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Not So Fast
The Northern Trust Economics team shares its outlook for the U.S. economy.
The obstacles to a full recovery have been identifiable for some time: Viral resurgence, long-term unemployment, supply chain dislocation. We still expect these are temporary challenges, but all are proving more durable than we had hoped.
The Delta strain of COVID-19 caused a surge that again stretched hospital capacity and challenged the outlook for recovery. The virus was evident in the data as hiring slowed and inflation in the travel sector ended its rapid ascent, a sign of impaired consumer sentiment. The uneven recovery continues to teach us lessons about the fragility of the old economy; rebuilding will continue, but with a greater eye toward resilience.
Vaccines, rapid testing and quarantine protocols have made it possible to live productively with the virus, but an economy without a pandemic would be preferable. While the most rapid portion of the reopening may be behind us, this slower interval does not change our expectation of a continued recovery.
Key Economic Indicators
Influences on the Forecast
- The August Employment Situation Summary fell short of expectations. Only 235,000 jobs were created, leaving payrolls 5.3 million workers shy of the February 2020 peak. The labor force participation rate (total as well as prime-aged) did not change month-over-month; for growth to continue, more workers need to come off the sidelines.
- The slowdown was clearest in the leisure and hospitality sector, which added no jobs after recovering steadily in the first half of the year. The Delta variant has made a dent on customers’ willingness to visit and employees’ willingness to work in higher-contact settings.
- Temporary supports that may have slowed some workers’ return to the labor force have ended. Expanded unemployment insurance benefits lapsed at the start of September; the eviction moratorium was overturned; and children have returned to school in-person.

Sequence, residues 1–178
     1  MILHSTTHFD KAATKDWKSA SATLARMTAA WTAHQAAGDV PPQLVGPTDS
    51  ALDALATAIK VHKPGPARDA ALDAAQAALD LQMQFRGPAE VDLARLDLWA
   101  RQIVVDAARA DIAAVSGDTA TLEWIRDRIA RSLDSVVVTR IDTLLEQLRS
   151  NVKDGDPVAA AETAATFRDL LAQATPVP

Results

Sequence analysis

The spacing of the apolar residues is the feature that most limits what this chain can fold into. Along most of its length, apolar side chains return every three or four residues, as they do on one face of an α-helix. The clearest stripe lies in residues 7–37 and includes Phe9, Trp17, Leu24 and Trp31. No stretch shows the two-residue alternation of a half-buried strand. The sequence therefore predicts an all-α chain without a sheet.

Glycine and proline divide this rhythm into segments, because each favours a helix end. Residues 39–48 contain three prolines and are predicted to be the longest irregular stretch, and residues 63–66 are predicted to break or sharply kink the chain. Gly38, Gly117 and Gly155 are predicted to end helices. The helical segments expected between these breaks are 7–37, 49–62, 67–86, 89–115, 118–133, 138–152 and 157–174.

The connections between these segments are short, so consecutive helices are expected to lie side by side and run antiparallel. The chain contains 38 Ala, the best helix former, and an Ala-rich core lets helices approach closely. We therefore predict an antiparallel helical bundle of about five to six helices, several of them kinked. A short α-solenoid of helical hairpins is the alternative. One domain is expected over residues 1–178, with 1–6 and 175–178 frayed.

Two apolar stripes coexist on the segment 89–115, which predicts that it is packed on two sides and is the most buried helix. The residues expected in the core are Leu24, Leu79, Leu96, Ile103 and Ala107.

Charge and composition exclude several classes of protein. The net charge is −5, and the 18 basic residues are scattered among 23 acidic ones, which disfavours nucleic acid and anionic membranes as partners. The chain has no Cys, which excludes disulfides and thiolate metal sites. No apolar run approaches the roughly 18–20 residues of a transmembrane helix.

- In light of ongoing supply chain disruptions, we anticipate the third quarter will provide another depletion in inventories. In turn, this will weigh on other spending factors: Consumers cannot purchase, and businesses cannot invest in, items that are not available. This consideration has brought our estimate of third quarter gross domestic product growth to 3.2% at an annualized rate. However, we view this as mostly deferred activity. As supply linkages are restored, inventories will accumulate and spending will resume, with stronger growth to follow in the year ahead.
- The August reading of the consumer price index (CPI) remained elevated at 5.2% year-over-year. However, the core measurement, excluding food and energy, fell to 4.0%; food prices have been challenged by supply chains and weather events. Many of the product categories that led inflation upward earlier this year receded month-over-month, including air travel and used cars. The overall reading is still too high for comfort, but evidence of transitory effects coming to an end provides some reassurance.
- At the annual Jackson Hole monetary policy research symposium, Fed Chair Jerome Powell gave a speech that did not reveal any great hurry to begin tapering asset purchases. Slow job creation and more moderate inflation in August support the case for patience. Other Fed governors have signaled a greater willingness to begin winding down this policy. We expect an announcement of a tapering plan at the November 3 Fed press conference.
- Supply of housing remains constrained, as limited availability of building materials continues to weigh on builders’ capacity to start and finish new homes, keeping prices elevated. Meanwhile, urban centers are witnessing more interest from renters, helping to support rental price increases after a year of many tenants leaving cities. Shelter may be the next factor to apply upward pressure to inflation.
- Congress is working feverishly on four work streams: A 2022 federal budget, an increase to the debt ceiling, an infrastructure bill, and a broader partisan spending package. We expect the budget and debt ceiling to come down to the wire but will be ratified, as shutdowns and defaults reflect poorly on both parties. We further expect the infrastructure bill and a slimmed-down portion of the reconciliation bill to pass, which will unlock some long-term spending and reduce the fiscal drag caused by the expiration of temporary COVID programs.
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Carl R. Tannenbaum
Executive Vice President and Chief Economist
Ryan James Boyle
Vice President, Senior Economist
Vice President, Economist
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